In 1976, I met a blind New York City street singer named Reverend Baybie Hoover whose early life was marked by a succession of tragedies. She was blinded at birth by an inebriated doctor, molested by a foster father and later sterilized as a young girl by a doctor who thought he was doing her a favor. Baybie lived in a single-room-occupancy in midtown and every day, rain or shine, she made the subway trip to Bloomingdales on the upper east side to spend the whole day singing on the sidewalk.
During our time together, I came to know her and found myself drawn to her extraordinary personality. Baybie was a woman who had few, if any, reasons to be grateful. Yet she lived in a state of perpetual gratitude for the little she had. She rarely indulged in any judgment of those visiting misery on her I had never met anyone who saw life and the people she encountered with such generosity of spirit. .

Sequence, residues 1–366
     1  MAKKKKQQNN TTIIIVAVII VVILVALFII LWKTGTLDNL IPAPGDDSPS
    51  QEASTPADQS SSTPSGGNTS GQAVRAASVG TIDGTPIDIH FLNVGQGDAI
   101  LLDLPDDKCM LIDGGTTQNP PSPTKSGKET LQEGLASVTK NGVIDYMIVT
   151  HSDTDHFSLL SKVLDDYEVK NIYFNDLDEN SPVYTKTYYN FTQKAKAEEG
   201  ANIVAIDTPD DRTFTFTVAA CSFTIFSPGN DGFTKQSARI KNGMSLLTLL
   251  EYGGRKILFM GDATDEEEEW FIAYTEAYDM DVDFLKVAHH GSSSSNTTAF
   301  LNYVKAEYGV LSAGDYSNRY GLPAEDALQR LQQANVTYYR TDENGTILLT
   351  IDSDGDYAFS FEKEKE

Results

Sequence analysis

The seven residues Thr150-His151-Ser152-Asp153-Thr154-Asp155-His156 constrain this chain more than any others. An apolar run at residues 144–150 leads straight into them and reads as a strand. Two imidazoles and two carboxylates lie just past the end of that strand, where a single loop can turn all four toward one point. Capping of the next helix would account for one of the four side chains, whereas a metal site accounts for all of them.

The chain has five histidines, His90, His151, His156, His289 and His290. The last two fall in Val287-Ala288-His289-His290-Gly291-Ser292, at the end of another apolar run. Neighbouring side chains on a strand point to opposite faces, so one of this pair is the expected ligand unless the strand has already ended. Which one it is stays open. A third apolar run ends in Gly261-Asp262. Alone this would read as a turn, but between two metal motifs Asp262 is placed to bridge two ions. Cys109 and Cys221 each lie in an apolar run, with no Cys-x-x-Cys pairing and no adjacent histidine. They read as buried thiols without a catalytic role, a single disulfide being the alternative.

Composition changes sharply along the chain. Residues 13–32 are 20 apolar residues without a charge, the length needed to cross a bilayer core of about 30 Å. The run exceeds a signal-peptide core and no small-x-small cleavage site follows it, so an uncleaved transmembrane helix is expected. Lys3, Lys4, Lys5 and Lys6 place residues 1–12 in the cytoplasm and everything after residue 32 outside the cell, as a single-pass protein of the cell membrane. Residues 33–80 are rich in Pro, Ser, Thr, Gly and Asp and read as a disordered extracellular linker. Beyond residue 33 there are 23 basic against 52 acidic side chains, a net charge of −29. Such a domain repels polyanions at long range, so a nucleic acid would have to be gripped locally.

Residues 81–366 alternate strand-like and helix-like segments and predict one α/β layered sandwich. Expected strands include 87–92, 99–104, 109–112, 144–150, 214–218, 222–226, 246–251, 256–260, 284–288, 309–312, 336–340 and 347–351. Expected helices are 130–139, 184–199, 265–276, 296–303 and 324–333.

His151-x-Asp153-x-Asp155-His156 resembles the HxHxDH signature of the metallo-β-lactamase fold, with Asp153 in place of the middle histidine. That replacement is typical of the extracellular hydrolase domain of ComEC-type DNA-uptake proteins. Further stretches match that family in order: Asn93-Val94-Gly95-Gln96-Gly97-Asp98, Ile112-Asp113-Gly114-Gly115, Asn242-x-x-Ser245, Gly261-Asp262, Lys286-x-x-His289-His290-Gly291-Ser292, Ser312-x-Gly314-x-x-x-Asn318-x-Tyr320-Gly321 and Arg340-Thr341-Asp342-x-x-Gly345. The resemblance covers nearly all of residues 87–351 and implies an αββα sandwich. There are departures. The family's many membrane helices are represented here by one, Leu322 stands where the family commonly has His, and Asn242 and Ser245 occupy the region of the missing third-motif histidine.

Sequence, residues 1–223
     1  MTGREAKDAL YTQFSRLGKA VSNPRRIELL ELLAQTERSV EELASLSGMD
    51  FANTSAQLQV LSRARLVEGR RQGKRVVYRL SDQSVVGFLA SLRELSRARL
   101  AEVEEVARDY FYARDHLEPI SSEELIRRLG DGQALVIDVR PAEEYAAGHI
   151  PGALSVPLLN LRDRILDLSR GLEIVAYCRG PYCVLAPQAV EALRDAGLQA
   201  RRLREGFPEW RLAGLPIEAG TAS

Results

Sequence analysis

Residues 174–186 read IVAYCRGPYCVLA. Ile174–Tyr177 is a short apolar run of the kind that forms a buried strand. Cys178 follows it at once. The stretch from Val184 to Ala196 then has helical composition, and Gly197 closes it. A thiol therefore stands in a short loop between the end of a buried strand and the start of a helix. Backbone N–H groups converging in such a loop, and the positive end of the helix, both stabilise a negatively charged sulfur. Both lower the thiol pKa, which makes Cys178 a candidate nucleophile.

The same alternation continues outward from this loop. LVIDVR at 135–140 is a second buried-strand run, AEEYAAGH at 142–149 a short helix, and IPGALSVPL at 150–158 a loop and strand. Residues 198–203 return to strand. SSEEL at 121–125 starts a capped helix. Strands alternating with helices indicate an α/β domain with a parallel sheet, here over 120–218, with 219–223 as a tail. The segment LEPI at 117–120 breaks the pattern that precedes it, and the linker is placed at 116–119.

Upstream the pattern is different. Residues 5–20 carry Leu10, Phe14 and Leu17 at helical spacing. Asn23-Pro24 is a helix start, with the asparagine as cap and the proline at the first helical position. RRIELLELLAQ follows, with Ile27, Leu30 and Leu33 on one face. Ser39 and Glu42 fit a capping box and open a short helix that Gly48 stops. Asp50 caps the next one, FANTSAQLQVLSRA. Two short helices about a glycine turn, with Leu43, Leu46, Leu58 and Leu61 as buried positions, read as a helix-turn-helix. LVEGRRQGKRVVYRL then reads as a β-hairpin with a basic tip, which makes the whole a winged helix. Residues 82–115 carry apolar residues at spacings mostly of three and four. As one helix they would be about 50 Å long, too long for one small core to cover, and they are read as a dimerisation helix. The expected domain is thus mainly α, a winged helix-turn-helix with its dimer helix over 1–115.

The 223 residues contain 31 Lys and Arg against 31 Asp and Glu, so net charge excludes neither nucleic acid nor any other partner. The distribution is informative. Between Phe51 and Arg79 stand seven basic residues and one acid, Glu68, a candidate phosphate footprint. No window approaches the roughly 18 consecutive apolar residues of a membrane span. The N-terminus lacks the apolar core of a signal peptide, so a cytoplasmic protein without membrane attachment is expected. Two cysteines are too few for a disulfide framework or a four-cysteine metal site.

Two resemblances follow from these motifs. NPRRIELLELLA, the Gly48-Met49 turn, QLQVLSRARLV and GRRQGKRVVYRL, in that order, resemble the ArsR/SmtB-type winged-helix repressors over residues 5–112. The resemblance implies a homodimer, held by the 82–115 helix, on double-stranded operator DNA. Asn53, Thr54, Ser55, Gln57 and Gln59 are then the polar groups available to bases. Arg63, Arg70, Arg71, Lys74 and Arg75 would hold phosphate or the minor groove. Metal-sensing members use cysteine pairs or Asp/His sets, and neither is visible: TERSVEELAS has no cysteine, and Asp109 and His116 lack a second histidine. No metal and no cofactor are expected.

Being in Baybie’s company made me ashamed of every complaint I had ever uttered, and only in putting her life’s story in writing could I ever hope to fully recall the grace and gratitude this woman brought into my easy life.